5 Insights From The JPMorgan Guide To The Markets (4Q16)

5 Insights From The JPMorgan Guide To The Markets (4Q16)

Here are my top insights from the recently released JPMorgan Guide to the Markets for the 4th quarter of 2016.

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Some very interesting observations can be made from the charts in this report.

1. The S&P 500 is a Little Bit Overvalued Right Now

13F Roundup: Top Hedge Fund Positions In Q1 2022

profitgraphHere is our quarterly 13F roundup for high-profile hedge funds. The data is based on filings covering the quarter to the end of March 2022. These statements only provide a snapshot of hedge fund holdings at the end of March. They do not contain any information about when the holdings were bought or sold or Read More

JPMorgan Guide To The Markets

Check out the chart above. Compared to its 25-year long term average, the S&P 500 looks to be just slightly overvalued in terms of Forward P/E, Shiller’s P/E, and P/CF.

2. Energy Firms are Almost Out of the Red



It looks like the tide is finally turning for energy stocks, with firms rebalancing their budgets and figuring out how to make money with lower oil prices. The fact that oil is now hovering around $50/barrel is sure to help as well. And after 3 years of overproduction, the EIA is projecting stability next year, with 96.8 million barrels per day of oil produced and 96.8 million barrels per day consumed in 2017.


3. Tech & Telecom Stocks Look Relatively Cheap, Energy & Utilities Look Expensive


Comparing trailing and forward P/E ratios to their long-term historical averages, technology stocks and telecom stocks appear to be the most undervalued… and energy and utilities look way overvalued.

4. We’re in the 4th Longest Bull Market in History… But with the Slowest Financial Recovery


At 87 months, this is the 4th longest bull market in history. And yet the economic recovery has been by far the slowest.

5. People Hate Congress… But Have Been Warming Up to Obama


Finally, with such a slow economic recovery and the brutal bipartisanship we’re seeing out of Washington, Americans’ approve of Congress has never been lower. And while Obama’s approval rating is still below average, he’s seen a steady increase over the past year or so.

By Vintage Value Investing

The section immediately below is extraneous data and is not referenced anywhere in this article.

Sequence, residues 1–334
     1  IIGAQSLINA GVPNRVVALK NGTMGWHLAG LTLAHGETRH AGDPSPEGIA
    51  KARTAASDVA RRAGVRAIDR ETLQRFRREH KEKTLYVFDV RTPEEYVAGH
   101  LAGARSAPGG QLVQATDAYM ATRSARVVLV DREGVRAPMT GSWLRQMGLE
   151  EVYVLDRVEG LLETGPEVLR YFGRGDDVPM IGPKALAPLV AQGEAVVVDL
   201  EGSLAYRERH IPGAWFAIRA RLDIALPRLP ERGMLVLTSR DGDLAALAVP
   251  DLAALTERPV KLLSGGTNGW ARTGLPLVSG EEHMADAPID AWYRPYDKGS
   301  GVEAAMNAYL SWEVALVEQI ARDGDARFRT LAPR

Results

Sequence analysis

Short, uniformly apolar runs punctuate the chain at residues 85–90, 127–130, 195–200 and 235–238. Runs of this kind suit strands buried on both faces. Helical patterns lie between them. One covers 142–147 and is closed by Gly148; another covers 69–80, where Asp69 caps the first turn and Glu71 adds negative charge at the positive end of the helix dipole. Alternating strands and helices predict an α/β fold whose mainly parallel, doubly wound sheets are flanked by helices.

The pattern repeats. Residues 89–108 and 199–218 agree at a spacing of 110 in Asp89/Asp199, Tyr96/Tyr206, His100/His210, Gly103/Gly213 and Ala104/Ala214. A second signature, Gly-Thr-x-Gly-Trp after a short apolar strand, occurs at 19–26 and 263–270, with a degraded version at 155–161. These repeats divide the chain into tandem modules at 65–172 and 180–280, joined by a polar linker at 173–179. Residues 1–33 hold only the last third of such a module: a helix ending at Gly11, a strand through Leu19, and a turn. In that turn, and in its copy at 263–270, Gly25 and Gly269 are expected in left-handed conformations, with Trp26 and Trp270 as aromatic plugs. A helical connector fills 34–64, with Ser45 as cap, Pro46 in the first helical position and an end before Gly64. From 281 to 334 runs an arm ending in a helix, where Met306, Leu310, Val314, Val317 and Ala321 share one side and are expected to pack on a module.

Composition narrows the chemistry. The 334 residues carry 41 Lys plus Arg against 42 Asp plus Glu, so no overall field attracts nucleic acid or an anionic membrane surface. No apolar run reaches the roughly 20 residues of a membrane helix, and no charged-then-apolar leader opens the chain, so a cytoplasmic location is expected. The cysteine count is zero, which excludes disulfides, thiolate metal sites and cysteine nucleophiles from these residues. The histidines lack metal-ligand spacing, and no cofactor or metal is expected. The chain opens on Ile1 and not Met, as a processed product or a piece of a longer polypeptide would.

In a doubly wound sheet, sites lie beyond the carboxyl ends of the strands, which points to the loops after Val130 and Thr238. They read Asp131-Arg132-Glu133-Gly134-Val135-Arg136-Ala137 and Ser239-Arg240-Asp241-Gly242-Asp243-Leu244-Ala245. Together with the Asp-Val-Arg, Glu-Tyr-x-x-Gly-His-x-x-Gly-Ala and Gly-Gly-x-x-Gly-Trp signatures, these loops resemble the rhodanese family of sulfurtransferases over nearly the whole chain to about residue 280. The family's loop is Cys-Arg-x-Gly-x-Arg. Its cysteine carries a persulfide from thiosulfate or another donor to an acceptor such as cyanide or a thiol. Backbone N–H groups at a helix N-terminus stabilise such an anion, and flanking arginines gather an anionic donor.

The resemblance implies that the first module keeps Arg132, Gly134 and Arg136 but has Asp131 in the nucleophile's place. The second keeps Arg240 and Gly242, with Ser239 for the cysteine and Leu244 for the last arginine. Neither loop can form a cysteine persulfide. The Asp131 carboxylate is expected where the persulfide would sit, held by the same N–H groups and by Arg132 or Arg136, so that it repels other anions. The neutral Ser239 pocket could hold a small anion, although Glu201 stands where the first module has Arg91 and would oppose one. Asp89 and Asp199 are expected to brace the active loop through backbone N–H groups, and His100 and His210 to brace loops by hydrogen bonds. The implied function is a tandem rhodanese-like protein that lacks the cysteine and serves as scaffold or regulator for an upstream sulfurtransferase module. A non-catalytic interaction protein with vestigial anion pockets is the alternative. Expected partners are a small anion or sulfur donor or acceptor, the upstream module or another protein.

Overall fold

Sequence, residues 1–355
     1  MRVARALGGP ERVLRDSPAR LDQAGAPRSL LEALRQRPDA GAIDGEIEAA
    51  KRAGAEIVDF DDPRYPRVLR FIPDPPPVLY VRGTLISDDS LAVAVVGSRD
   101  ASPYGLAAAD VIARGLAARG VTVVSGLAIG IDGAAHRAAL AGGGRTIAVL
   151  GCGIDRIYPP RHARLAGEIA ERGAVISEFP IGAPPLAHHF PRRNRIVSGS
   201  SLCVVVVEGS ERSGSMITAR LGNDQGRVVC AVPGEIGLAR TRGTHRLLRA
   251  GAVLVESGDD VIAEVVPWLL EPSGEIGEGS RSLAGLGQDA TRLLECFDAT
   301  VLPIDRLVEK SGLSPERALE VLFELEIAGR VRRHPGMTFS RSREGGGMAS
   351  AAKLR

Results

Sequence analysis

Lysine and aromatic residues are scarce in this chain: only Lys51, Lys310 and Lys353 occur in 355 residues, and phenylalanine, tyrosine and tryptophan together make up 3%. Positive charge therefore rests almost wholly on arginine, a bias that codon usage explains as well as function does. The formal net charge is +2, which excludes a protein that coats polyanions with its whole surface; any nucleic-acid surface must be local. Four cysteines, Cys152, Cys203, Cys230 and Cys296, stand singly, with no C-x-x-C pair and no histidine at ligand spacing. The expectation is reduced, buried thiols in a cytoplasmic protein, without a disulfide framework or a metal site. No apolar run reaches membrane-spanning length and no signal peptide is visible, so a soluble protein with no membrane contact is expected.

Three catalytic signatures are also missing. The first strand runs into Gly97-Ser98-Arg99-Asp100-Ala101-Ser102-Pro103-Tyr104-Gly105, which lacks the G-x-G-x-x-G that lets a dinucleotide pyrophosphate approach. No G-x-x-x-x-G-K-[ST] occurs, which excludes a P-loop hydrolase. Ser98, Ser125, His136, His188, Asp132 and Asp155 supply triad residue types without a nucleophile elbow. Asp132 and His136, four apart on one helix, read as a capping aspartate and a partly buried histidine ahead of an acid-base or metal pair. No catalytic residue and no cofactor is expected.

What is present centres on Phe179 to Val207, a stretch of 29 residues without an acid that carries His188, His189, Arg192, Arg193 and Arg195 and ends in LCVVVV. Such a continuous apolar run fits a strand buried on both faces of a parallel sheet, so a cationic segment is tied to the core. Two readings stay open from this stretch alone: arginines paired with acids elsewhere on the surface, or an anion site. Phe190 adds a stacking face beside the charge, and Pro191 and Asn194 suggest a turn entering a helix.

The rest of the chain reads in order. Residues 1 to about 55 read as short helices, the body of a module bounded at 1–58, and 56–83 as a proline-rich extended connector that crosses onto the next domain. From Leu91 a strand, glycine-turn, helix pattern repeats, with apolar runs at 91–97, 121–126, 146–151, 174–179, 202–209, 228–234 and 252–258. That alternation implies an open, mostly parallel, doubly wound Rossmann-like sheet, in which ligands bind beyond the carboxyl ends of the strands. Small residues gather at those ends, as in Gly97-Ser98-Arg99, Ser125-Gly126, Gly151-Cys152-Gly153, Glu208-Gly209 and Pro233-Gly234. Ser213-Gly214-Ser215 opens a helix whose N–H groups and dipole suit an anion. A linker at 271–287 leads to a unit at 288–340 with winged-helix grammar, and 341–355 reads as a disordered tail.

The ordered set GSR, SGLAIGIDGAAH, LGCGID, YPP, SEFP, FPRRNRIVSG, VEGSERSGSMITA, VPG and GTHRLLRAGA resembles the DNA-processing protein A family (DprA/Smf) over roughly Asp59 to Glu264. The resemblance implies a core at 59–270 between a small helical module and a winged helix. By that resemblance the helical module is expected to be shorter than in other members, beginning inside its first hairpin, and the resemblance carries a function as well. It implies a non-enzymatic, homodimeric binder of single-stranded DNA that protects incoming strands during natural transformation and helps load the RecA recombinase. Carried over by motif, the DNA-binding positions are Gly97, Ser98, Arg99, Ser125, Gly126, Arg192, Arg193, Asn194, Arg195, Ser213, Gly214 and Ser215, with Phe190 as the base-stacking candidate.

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Ben Graham, the father of value investing, wasn’t born in this century. Nor was he born in the last century. Benjamin Graham – born Benjamin Grossbaum – was born in London, England in 1894. He published the value investing bible Security Analysis in 1934, which was followed by the value investing New Testament The Intelligent Investor in 1949. Warren Buffett, the value investing messiah and Graham’s most famous and successful disciple, was born in 1930 and attended Graham’s classes at Columbia in 1950-51. And the not-so-prodigal son Charlie Munger even has Warren beat by six years – he was born in 1924. I’m not trying to give a history lesson here, but I find these dates very interesting. Value investing is an old strategy. It’s been around for a long time, long before the Capital Asset Pricing Model, long before the Black-Scholes Model, long before CLO’s, long before the founders of today’s hottest high-tech IPOs were even born. And yet people have very short term memories. Once a bull market gets some legs in it, the quest to get “the most money as quickly as possible” causes prices to get bid up. Human nature kicks in and dollar signs start appearing in people’s eyes. New methodologies are touted and fundamental principles are left in the rear view mirror. “Today is always the dawning of a new age. Things are different than they were yesterday. The world is changing and we must adapt.” Yes, all very true statements but the new and “fool-proof” methods and strategies and overleveraging and excess risk-taking only work when the economic environmental conditions allow them to work. Using the latest “fool-proof” investment strategy is like running around a thunderstorm with a lightning rod in your hand: if you’re unharmed after a while then it might seem like you’ve developed a method to avoid getting struck by lightning – but sooner or later you will get hit. And yet value investors are for the most part immune to the thunder and lightning. This isn’t at all to say that value investors never lose money, go bust, or suffer during recessions. However, by sticking to fundamentals and avoiding excessive risk-taking (i.e. dumb decisions), the collective value investor class seems to have much fewer examples of the spectacular crash-and-burn cases that often are found with investors’ who employ different strategies. As a result, value investors have historically outperformed other types of investors over the long term. And there is plenty of empirical evidence to back this up. Check this and this and this and this out. In fact, since 1926 value stocks have outperformed growth stocks by an average of four percentage points annually, according to the authoritative index compiled by finance professors Eugene Fama of the University of Chicago and Kenneth French of Dartmouth College. So, the value investing philosophy has endured for over 80 years and is the most consistently successful strategy that can be applied. And while hot stocks, over-leveraged portfolios, and the newest complicated financial strategies will come and go, making many wishful investors rich very quick and poor even quicker, value investing will quietly continue to help its adherents fatten their wallets. It will always endure and will always remain classically in fashion. In other words, value investing is vintage. Which explains half of this website’s name. As for the value part? The intention of this site is to explain, discuss, ask, learn, teach, and debate those topics and questions that I’ve always been most interested in, and hopefully that you’re most curious about, too. This includes: What is value investing? Value investing strategies Stock picks Company reviews Basic financial concepts Investor profiles Investment ideas Current events Economics Behavioral finance And, ultimately, ways to become a better investor I want to note the importance of the way I use value here. It’s not the simplistic definition of “low P/E” stocks that some financial services lazily use to classify investors, which the word “value” has recently morphed into meaning. To me, value investing equates to the term “Intelligent Investing,” as described by Ben Graham. Intelligent investing involves analyzing a company’s fundamentals and can be characterized by an intense focus on a stock’s price, it’s intrinsic value, and the very important ratio between the two. This is value investing as the term was originally meant to be used decades ago, and is the only way it should be used today. So without much further ado, it’s my very good honor to meet you and you may call me…